|By joel douglas|
From: Denver CO
Aug 19, 2010
We attempted this route yesterday but bailed half way up pitch 5 due to continued poor rock quality. Our expectations for pitch 5 were high due to the description and we kept telling ourselves to keep pushing through the crumbly first few pitches to get to this amazing corner. The pitch 5, amazing, 180' corner rained down pebbles and the rock made discouraging hollow noises when cams were placed. After about 65', there was a section with no good pro and we were not willing to continue up more loose rock, so we down climbed and rapped to Broadway. On the positive side, the route had an adventurous feel, and it was great to be free climbing on the right side of The Diamond.
|By Scott Bennett|
Aug 27, 2010
I was climbing with Joel when we bailed off Full House last week, and I first want to give a huge thanks to the FA team for putting up this line. It definitely took some vision and hard work to put it all together, and I regret that we didn't finish it.
That said, I do agree with Joel that the rock quality on the first 5 pitches wasn't stellar. I don't really think it's dangerous, but there were quite a few pieces that I didn't want to trust. Joel took a fall on P4 that ripped a cam and a fixed piton. Luckily the belay was 2 nice shiny bolts, because that's what caught him. Thanks for the bolts!
Anyways, if you're looking for a classic on par with D7 or Yellow Wall, this might not be for you. If you're looking for a steep and wild adventure, get after it!
|By Marc Gay|
Aug 2, 2011
Now that Diamond season is upon us, I decided I'd make a comment on this route. I'm going to have to use my laser sharp memory, since I was on it last year. I thought this was a really good route up the right side of the Diamond. Starting with pitch 3:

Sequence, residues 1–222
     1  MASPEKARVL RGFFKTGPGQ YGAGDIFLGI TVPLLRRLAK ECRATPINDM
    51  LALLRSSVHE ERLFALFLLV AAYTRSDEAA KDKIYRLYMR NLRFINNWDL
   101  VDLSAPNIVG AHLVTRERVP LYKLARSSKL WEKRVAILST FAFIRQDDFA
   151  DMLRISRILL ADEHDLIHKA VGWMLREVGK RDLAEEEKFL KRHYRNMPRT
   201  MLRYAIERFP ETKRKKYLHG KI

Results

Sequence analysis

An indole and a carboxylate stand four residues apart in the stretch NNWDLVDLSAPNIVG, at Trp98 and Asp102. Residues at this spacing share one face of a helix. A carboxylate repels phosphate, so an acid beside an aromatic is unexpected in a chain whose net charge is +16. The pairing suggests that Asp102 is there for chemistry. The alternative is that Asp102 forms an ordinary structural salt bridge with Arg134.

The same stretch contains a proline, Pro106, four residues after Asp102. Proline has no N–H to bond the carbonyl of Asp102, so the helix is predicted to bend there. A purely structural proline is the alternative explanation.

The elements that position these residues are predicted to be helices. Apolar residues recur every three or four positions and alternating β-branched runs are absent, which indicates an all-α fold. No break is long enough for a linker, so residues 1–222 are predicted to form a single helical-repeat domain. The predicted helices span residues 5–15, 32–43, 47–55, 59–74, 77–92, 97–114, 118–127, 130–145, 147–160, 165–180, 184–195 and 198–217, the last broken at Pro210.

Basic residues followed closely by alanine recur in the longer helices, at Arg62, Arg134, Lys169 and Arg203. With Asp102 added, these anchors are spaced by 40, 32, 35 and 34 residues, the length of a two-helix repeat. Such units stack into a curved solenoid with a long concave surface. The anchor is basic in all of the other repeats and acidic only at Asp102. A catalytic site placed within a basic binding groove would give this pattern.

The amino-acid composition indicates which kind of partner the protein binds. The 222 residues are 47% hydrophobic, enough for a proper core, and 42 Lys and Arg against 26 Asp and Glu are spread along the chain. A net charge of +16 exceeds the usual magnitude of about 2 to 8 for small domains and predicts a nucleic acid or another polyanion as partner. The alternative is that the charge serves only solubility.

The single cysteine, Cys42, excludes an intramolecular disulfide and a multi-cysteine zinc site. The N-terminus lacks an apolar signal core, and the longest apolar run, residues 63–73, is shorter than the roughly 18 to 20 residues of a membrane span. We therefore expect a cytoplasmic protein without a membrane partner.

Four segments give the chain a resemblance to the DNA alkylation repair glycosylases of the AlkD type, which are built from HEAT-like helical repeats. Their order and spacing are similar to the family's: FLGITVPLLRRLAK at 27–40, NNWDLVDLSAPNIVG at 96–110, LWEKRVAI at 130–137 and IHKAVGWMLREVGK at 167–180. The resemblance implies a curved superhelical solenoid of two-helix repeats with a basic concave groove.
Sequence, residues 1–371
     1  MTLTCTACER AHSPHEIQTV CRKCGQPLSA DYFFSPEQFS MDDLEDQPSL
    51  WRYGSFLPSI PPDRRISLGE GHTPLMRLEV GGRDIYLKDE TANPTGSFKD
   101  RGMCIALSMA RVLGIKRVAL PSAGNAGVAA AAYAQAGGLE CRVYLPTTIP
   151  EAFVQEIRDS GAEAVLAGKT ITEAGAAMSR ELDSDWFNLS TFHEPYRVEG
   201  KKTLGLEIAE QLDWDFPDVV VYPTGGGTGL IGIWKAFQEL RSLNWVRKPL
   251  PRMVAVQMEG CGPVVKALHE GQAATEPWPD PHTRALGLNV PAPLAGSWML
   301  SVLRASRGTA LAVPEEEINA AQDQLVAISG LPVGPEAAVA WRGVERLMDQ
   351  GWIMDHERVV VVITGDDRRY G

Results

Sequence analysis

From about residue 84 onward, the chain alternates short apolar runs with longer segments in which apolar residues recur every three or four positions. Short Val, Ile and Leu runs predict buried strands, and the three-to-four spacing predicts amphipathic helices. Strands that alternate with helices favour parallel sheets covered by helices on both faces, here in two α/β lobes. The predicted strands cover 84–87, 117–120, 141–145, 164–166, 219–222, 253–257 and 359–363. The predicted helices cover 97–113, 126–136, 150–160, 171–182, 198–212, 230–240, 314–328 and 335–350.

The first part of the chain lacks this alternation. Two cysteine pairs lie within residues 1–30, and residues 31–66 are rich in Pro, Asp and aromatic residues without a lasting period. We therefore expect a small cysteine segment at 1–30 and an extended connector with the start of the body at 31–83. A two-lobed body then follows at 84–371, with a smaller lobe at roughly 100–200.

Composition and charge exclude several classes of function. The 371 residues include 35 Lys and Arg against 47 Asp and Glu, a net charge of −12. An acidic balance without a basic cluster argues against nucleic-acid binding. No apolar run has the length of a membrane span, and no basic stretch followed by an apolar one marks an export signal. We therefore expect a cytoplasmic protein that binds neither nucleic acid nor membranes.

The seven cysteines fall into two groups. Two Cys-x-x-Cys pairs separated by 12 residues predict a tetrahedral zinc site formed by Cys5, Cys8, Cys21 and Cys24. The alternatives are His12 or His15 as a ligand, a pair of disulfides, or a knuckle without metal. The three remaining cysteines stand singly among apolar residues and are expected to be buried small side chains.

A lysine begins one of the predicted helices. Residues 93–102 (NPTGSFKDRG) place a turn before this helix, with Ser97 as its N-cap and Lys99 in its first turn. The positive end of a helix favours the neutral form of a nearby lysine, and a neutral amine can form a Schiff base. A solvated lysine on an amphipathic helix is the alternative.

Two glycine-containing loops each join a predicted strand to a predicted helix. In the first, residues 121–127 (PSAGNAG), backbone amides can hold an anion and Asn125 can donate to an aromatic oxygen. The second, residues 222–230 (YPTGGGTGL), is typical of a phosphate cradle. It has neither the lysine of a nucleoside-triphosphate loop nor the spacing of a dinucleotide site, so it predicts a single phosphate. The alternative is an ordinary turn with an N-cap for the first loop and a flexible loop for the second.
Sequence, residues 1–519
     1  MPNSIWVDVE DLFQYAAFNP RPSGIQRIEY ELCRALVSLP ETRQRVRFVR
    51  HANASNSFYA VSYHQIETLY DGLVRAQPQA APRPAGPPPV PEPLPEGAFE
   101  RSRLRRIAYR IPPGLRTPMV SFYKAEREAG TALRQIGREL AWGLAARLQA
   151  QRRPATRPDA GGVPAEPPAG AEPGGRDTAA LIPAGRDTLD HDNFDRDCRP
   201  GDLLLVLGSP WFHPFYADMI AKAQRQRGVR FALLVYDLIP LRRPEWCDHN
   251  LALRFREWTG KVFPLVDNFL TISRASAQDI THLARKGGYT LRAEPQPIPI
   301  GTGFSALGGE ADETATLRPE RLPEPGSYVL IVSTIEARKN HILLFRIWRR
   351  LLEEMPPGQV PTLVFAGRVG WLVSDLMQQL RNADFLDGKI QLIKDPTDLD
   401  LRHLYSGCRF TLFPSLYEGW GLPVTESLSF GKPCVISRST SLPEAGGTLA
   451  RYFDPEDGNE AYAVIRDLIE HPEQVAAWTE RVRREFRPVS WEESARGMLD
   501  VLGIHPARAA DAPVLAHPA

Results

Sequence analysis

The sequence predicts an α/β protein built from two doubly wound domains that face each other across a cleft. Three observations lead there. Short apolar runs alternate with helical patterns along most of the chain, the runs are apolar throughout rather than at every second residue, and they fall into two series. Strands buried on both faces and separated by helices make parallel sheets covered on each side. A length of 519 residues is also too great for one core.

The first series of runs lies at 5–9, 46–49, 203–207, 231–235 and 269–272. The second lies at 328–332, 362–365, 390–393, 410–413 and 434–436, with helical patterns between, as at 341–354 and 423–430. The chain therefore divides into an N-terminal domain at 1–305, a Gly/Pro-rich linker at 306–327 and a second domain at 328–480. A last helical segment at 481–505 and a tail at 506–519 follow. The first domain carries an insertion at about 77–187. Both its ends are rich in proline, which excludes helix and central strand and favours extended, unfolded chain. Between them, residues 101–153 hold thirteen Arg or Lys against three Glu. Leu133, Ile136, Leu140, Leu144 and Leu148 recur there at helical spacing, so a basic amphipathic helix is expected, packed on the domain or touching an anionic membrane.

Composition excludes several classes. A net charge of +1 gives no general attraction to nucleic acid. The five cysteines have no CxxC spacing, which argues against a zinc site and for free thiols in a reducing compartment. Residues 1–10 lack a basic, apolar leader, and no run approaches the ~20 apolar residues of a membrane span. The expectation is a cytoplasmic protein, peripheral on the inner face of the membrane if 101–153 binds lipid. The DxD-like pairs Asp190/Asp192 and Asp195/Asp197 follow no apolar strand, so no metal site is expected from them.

P3: Mike stayed on the ramp and went higher than the obvious traverse, but was able to traverse back left at a flake (no gear) probably a slightly less pumpy way to get into the crack. Once at the bolts, hard moves getting to the sloping ledge, a little grainy, but not too bad.
P4: Hard move right off the belay (pin was there when we did it). Also takes a cam. Good rock to the old Belay, then left into the wideness (sugary). Once at the bolt, try and figure out the right way to traverse the face. There's a little more climbing on this pitch than there's supposed to be.
P5: Awesome pitch! Jam, lieback, and stem up the corner until you can dive into one of the offwidth sections and try and catch your breath. Then rinse and repeat. The rock on this pitch isn't perfect, but it didn't really seem to matter as you're usually jamming and stemming.
P6: Jam up to Table roof and pull a really hard move, followed by slightly easier moves switching cracks to the left. What a perched place to be liebacking with your hand way down by your ankles trying to get the next lock. This is where it started getting wet on us.
P7: Follow the cracks. I think we did it in one pitch from here to the end of the difficulties. I got to watch one of those truly inspirational leads in the mountains. I'd always heard Mike (Pennings) could climb with the sloppiest shoes available, now I'm a believer. Both feet went airborne 3 times... but he did not let go!
I highly recommend this route.
|By j wharton|
Aug 20, 2011
Bryan Gilmore and I climbed most of this route yesterday. We bailed at Table roof, because things were completely drenched from there up. Despite Joel and Scott's comments, I would echo Marc's feeling that this is an excellent route. Sure there's some flakiness around, but generally the rock is as good, or better, than what is normally found on the right side of the Diamond. I managed to link pitches 3 and 4 to avoid the new bolted belay. This seemed pretty reasonable, although you need plenty of long runners, and it makes the traverse to the base of the "amazing corner" a bit tougher due to rope drag. On pitch 5, if you bring some big wires you can par down the recommended rack (save the #3 and #4 for late in the pitch). It might also be worth stretching the rope past the bolt and wire belay to a small ledge 30' above. The difficulty of the climbing seemed similiar to the King of Swords, but the climbing was better!